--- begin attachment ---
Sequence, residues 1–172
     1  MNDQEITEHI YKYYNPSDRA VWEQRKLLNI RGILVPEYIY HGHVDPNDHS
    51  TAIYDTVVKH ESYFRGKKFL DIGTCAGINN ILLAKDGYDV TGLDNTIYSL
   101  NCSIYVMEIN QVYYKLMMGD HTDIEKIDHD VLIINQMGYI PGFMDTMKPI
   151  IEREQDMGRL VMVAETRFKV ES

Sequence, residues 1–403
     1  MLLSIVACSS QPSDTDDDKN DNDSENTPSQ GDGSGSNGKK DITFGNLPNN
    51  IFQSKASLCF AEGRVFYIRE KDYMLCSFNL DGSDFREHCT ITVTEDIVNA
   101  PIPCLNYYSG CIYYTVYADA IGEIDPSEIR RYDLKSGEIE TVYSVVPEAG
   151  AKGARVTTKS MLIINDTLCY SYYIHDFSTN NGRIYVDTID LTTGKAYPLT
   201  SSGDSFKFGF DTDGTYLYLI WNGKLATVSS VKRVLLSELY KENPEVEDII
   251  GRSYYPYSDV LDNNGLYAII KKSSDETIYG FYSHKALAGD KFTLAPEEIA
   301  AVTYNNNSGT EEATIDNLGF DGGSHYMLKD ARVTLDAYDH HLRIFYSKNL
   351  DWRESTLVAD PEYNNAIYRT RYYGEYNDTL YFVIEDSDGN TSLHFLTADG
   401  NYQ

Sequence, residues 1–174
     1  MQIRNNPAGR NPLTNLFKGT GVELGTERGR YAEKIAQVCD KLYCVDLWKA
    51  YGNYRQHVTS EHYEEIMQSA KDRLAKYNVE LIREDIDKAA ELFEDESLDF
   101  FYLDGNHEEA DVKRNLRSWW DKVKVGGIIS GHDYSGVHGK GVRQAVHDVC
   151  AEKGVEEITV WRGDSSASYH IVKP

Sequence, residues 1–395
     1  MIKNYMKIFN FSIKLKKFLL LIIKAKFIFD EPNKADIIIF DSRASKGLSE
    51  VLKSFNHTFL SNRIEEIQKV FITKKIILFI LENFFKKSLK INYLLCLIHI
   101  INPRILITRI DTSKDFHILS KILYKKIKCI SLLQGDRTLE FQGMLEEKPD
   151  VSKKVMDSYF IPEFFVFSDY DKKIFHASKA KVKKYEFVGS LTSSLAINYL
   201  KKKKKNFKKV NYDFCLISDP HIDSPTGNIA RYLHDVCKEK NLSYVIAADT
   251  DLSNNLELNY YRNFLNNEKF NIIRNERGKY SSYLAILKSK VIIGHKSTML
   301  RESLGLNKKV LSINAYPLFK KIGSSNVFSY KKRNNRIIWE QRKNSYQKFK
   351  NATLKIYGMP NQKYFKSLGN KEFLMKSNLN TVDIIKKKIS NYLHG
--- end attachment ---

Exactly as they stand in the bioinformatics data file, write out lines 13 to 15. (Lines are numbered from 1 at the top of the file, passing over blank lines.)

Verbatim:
   301  AVTYNNNSGT EEATIDNLGF DGGSHYMLKD ARVTLDAYDH HLRIFYSKNL
   351  DWRESTLVAD PEYNNAIYRT RYYGEYNDTL YFVIEDSDGN TSLHFLTADG
   401  NYQ